Big guns eye spots in Wimbledon semi-finals
A year to the day after becoming world No 1, Novak Djokovic hopes to award himself the anniversary present of a place in the Wimbledon semi-finals.
Djokovic is two steps away from defending his Wimbledon title in Sunday's final. First, he must beat Florian Mayer, one of two German men left in the competition, in Wednesday's quarter-finals.
Mayer knows he will be the underdog against the Serbian but he has a game plan: ''I can play everything; I can serve and volley, I can play dropshots, I can play with slice; I can play fast,'' he said.
''So I will try to irritate him a little bit. You never know in tennis. Everything is possible.''
The winner is likely to face six-times champion Roger Federer in the semi-finals, if the Swiss third seed's winning streak against Russian Mikhail Youzhny continues uninterrupted.
Federer has beaten Youzhny 13 times in as many meetings, including five wins on grass.
''I played many times against him; I never beat this guy,'' Youzhny said.
''It's good for me that I have one more chance against a great player, one of the best players in the world.''
The worry for Federer might be the continuing damp, chilly English weather which will not be good news for his bad back after he twice needed treatment during his fourth-round win over Xavier Malisse.
While Djokovic and Federer both enjoyed a day off after getting through their fourth round matches under the shelter of the Centre Court roof, Andy Murray, Jo-Wilfried Tsonga and Philip Kohlschreiber endured rain delays and Tuesday play on the outside courts.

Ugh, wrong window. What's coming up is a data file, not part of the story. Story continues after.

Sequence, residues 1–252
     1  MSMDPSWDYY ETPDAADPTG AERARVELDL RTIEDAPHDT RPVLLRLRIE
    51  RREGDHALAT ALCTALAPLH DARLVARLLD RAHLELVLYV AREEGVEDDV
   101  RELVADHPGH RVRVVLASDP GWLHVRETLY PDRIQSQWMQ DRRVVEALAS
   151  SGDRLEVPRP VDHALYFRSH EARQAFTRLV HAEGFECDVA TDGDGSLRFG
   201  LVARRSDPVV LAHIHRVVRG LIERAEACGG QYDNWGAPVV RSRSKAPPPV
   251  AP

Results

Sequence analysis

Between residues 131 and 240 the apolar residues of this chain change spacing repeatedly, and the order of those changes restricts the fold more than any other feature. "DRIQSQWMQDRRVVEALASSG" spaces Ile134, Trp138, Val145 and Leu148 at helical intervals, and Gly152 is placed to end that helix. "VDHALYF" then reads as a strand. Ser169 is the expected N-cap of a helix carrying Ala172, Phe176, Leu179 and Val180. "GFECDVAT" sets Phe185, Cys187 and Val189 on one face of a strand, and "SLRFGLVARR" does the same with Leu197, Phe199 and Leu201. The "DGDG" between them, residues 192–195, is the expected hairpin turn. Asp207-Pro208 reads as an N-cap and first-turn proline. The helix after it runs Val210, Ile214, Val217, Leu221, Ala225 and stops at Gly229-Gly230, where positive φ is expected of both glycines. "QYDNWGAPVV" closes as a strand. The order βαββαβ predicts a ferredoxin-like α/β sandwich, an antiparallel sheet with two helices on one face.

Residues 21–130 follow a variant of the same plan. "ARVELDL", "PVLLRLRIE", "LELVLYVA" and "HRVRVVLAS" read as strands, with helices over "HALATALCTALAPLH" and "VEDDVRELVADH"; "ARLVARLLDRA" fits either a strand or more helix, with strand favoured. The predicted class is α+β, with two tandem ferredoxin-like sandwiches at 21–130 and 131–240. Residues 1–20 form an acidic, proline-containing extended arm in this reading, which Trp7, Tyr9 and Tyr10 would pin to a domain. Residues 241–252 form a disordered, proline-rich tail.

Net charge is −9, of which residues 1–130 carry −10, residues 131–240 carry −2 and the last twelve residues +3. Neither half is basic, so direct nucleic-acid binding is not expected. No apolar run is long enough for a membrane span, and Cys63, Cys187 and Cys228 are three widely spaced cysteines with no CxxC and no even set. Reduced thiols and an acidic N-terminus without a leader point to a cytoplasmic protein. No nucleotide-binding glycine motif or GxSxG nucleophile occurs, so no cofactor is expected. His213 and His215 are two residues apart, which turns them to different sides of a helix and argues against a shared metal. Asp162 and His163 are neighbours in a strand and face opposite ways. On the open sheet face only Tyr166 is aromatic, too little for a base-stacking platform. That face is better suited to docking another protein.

Murray, who will be back on court on Wednesday to play Spanish seventh seed David Ferrer, shrugged off the disadvantage.
''The more rest you can get the better, but it's part of playing grand slam tennis,'' said the Scot, who is hoping to become the first British man since 1936 to win Wimbledon.
Ferrer, a first-time quarter-finalist here, was hoping the pressure of being home favourite might get to Murray.
''He has more pressure than me because he plays at home with his people,'' the Spaniard said. ''Sometimes it is not easy but I think Andy is a very great player.''
Fifth seed Tsonga, who lost to Djokovic in the last four a year ago, plays German Kohlschreiber, another quarter-final debutant here.